- Deb
Friday, August 23, 2013 at 12:07 PM

Craig, unfortunately at this time we do not have any products specifically for repairs to exposed aggregate concrete.
Dean - Tech Service Team
Friday, August 23, 2013 at 2:20 PM

Deb, for that application that is an option if it has worked well for you in the past. You could also keep the wall and the new concrete pour seperate by placing an expansion joint material between the two. This will help keep the concrete from pushing directly against the wall if there is any movement.
Dean - Tech Service Team
Friday, August 23, 2013 at 5:01 PM

Thank you, Dean!
- Deb
Friday, August 23, 2013 at 5:48 PM

Just had new drain and weeping tile put in the basement bath area.Plumber didn't bust out the old concrete in the total area and there was a 2.5 in variance in height towards Centre of room still after they repoured left to deal with.He was advised to use the sand concrete mix to build it up but there is now two areas with air pockets? under it.I believe he was advised to use a Acry-Lok system before the sand mix was applied.He hasn't been back to fix it but busted out one of the areas.Any suggestions as to the next step to take as I have to get this project completed asap and some flooring down as its the bathroom for my business.Will busting out the other bad area and trying again in those areas with the sand concrete be viable or will it still bond with the recently poured stuff? don't want to waste more money unnecessarily and still have it not work..Need options please.4B6UKA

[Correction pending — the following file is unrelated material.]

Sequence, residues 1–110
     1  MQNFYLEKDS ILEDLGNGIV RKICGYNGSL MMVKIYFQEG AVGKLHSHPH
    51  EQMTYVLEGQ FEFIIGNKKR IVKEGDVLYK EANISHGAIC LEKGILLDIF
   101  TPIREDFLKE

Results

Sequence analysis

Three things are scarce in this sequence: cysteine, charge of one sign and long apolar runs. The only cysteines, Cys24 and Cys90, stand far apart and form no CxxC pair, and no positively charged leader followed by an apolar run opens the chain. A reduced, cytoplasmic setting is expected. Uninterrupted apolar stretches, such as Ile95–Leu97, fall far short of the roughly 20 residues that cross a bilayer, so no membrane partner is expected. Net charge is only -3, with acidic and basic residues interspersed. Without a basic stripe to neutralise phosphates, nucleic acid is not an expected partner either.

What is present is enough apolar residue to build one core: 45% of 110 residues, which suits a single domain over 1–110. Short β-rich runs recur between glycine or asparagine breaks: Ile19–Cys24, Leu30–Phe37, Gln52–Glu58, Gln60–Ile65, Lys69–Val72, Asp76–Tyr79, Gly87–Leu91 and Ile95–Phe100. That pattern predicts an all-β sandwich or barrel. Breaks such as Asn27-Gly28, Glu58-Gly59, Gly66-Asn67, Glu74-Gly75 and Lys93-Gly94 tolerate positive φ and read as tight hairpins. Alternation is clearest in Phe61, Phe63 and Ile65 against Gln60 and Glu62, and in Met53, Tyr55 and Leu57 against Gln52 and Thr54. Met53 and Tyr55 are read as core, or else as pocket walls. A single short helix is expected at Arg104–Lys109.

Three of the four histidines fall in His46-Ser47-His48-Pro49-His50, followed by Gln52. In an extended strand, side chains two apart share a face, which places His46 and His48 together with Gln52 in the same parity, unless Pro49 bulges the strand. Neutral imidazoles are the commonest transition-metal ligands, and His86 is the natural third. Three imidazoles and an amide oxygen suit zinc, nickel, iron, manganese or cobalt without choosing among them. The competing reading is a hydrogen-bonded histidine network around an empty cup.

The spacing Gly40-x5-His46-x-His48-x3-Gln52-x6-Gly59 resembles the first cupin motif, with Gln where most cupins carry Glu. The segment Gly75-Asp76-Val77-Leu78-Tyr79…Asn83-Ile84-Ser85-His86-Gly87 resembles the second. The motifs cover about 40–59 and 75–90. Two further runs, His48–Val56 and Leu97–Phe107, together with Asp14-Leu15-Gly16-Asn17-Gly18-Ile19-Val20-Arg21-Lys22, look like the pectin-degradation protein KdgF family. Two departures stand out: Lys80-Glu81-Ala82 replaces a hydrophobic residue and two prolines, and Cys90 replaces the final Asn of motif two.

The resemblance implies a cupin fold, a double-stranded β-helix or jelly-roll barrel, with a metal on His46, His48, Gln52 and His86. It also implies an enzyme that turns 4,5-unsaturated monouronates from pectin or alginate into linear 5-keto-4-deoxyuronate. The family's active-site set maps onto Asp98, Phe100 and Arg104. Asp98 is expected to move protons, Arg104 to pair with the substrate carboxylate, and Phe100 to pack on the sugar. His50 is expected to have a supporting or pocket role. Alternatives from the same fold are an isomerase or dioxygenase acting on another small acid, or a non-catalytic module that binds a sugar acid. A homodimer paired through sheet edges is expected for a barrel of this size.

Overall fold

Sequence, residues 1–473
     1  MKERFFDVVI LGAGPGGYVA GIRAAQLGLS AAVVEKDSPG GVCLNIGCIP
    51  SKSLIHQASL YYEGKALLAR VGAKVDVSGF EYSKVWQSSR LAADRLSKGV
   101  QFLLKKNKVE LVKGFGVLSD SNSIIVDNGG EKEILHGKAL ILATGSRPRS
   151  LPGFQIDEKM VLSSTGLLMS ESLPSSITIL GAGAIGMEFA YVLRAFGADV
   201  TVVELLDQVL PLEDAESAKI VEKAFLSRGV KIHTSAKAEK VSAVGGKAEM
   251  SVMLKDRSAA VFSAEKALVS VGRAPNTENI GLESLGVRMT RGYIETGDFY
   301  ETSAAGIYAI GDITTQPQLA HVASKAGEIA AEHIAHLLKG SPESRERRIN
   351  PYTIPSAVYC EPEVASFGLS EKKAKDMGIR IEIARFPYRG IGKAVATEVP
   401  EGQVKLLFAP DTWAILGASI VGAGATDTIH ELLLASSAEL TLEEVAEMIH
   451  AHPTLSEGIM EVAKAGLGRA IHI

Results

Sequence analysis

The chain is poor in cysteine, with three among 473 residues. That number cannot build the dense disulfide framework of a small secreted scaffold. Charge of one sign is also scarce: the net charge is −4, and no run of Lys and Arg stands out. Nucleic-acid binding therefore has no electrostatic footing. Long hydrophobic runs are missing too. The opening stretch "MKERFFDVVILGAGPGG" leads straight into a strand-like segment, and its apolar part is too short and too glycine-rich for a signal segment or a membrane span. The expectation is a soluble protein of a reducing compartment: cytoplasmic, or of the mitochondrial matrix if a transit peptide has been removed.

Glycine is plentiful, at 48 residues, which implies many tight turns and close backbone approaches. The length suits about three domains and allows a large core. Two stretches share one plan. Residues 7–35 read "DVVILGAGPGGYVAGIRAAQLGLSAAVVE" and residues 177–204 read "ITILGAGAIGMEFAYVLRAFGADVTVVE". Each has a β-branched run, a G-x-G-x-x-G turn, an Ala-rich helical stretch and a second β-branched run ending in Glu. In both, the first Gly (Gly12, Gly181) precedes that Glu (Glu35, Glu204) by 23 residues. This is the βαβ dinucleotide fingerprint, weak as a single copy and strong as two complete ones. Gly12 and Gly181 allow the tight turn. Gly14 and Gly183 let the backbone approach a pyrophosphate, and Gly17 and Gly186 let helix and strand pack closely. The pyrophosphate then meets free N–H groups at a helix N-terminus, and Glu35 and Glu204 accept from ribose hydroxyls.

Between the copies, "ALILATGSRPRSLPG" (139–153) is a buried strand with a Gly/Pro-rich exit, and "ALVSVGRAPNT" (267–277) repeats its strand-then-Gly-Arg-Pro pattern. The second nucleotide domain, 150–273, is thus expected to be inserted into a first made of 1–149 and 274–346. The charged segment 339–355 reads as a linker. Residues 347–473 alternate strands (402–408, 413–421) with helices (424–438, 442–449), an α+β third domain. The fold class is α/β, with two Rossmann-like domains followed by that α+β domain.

- dale
Saturday, August 24, 2013 at 9:53 AM

Wow lots of posts here. I believe I can use one of these to level my front porch. Previous owners' DIY job left dips and negative slope. But I have two questions: I'm a 57 year old woman, so can I handle this? And what do I need to mix with, equipment wise? I'm thinking five gallon bucket, heavy duty drill and mixing paddle with extension? My dad used a wheelbarrow and a garden hoe to mix stuff like this. I doubt that will be good enough for this. Lol Thanks.
- Teresa
Saturday, August 24, 2013 at 5:04 PM

Dale, it sounds like the area that was poured did not bond properly. When that material was pulled up could you see if there were any contaminants on the surface of the existing concrete? Also how long has the existing slab been there?
Dean - Tech Service Team
Tuesday, August 27, 2013 at 3:59 PM

Teresa, which product will you be mixing? Sounds like you may be using the Flo-Coat Resurfacer, if that is the case then you are correct, use a 5 gallon bucket, heavy duty drill and a mixing blade. I wouldnt recommend mixing the Flo-Coat in a wheelbarrow.
Dean - Tech Service Team
Tuesday, August 27, 2013 at 4:06 PM

will "Top 'N Bond" bond to concrete or steel painted with primer? thanks
- pat
Thursday, August 29, 2013 at 12:54 PM